This fence is part of that heads-on-spikes, bodies-on-wire type of ‘justice’, a slow-motion massacre over hundreds of years, changing shape regularly to fly under the radar. Sometimes it was sponsored and executed by the state, other times it was vigilante justice carried out by people who called them ‘beautiful’, but were so offended by their smell and chatter that they demanded their removal.
If you’ve never met a flying fox community, have a watch and listen to this beautiful footage by Estraven Lupino-Smith, which will give you a sense of what it’s like to be in their company. ___________________________________________________________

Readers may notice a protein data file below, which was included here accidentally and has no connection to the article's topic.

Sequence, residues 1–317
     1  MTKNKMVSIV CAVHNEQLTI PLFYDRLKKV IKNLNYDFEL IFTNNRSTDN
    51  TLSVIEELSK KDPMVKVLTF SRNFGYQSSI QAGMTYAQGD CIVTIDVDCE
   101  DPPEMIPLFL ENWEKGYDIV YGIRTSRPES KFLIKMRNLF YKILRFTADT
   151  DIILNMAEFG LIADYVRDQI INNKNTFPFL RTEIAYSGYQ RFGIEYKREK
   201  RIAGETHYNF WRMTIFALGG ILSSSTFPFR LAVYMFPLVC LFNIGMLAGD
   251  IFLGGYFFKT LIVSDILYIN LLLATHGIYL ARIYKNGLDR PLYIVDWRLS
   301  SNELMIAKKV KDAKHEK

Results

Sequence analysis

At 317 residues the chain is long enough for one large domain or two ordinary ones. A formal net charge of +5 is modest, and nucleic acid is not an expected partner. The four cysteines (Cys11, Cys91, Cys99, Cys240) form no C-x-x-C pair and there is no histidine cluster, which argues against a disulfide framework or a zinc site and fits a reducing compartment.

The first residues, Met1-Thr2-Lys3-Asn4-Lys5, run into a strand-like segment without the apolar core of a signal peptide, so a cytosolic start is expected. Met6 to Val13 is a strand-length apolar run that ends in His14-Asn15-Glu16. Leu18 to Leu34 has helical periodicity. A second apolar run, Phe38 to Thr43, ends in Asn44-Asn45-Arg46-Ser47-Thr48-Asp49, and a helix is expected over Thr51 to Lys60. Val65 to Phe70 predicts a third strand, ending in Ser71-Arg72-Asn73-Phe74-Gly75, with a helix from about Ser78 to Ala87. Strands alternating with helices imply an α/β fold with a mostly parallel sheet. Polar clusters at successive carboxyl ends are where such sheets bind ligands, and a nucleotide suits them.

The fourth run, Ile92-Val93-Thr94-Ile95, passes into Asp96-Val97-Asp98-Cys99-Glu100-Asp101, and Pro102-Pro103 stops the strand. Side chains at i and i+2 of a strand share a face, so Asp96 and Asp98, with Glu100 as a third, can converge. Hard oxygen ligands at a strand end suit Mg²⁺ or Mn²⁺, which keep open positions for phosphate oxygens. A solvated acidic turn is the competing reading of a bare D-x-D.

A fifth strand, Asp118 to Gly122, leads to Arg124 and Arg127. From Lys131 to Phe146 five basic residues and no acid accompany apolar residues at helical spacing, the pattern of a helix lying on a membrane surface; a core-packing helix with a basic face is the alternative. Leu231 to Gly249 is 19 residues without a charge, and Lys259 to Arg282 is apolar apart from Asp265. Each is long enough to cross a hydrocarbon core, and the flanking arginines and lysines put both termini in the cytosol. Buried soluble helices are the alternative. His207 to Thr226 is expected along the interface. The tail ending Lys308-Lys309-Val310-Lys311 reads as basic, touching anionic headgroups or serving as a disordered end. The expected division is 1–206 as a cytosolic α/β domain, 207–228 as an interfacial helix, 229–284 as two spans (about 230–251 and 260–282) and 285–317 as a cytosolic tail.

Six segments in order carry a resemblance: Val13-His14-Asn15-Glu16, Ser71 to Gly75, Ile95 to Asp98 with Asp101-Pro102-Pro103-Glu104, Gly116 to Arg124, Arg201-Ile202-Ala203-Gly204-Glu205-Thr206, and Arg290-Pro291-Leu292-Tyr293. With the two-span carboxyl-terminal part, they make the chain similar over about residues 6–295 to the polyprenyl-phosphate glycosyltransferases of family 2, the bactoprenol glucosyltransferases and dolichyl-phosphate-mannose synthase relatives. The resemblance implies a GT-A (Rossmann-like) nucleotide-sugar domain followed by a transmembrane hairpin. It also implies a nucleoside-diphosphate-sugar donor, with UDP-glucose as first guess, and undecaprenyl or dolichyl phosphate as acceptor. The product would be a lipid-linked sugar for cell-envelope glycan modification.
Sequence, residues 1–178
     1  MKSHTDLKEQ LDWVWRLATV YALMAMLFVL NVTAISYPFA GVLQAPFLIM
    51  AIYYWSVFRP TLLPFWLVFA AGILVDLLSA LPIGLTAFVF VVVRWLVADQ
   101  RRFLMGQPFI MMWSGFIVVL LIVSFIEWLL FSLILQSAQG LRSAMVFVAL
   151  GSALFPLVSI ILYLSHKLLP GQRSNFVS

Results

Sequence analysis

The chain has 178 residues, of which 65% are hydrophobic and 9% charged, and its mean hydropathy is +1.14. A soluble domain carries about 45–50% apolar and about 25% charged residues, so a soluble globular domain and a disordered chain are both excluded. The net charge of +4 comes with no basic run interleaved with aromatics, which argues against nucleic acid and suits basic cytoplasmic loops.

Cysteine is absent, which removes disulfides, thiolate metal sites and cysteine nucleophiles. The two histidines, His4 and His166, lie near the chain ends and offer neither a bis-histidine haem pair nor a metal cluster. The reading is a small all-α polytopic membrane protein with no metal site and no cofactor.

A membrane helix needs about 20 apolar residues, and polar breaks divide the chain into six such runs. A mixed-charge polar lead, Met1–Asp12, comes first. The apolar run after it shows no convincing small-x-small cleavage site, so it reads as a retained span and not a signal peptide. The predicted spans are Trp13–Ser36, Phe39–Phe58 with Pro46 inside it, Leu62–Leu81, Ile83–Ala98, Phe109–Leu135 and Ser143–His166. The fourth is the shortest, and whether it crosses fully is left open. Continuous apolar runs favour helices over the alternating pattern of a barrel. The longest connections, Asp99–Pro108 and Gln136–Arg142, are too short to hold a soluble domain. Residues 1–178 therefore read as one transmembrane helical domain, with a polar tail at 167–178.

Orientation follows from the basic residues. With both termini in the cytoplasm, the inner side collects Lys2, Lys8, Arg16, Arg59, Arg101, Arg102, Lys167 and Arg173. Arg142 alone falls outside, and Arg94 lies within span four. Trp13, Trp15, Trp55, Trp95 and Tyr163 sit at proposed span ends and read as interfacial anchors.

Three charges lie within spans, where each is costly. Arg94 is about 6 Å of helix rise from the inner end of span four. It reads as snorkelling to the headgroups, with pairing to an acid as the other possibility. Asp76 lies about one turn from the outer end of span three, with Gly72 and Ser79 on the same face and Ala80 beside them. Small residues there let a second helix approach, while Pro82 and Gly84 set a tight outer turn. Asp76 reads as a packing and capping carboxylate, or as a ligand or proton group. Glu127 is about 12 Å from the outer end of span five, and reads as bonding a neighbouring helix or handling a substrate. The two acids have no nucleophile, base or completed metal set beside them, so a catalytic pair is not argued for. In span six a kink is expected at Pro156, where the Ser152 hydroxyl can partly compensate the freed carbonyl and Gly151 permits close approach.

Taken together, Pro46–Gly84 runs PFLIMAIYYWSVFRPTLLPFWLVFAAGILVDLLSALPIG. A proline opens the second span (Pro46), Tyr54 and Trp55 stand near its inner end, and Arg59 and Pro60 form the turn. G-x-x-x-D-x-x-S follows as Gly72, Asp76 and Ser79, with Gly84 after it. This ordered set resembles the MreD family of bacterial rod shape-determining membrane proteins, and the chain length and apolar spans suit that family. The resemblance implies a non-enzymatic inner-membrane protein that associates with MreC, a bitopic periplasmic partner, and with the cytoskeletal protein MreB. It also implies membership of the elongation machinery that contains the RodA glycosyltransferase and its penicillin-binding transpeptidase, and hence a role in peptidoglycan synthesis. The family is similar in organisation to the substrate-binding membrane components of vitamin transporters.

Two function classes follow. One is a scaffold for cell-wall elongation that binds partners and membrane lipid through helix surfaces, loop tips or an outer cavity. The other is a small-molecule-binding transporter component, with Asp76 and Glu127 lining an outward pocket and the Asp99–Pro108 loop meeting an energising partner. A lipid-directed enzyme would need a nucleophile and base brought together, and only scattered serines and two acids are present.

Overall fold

Irony-blind settlers and their sciences call them ‘colonies’, poking at inherited fears of swarm, invasion, overwhelm and disease. News reports fanned out the face of a teenage boy who had died from handling an injured bat. This is the cost of compassion towards vermin, they smirked. Bats are favourite scapegoats for visions of zoonotic doom – vampirism, rabies, devastating outbreaks of Ebola. Here and now it was lyssavirus, spread by the flow of bat saliva into human wounds. Aggression, frenzies of fear, seizures, terror of fresh air and water – just a few of the symptoms to watch for, if you can distinguish them from the moral panics that regularly judder through white settler culture. Or the Hendra virus, that tricky sickness that can cause anything from mild flu-like symptoms to fatal neurological collapse. It’s been acknowledged by Western science for a good while now that these diseases are extremely rare – not to mention that the vast majority of their victims are bats. The most recent studies show that only 5.4% of flying foxes and blossom bats – just 7 out of 187 tested– showed since of Australian Bat Lyssa Virus, which led to the deaths of 3 people in the last 34 years. Put in perspective, zoonotic disease transferred by bats is a comparatively miniscule risk in a country where, in 2016-17 alone, falling out of bed killed 523 Australians. But for most of vigilantes, the problem isn’t disease: it’s sound and smell, the disruption of visions of perfect subtropical gardens and fruit undented by other species’ teeth.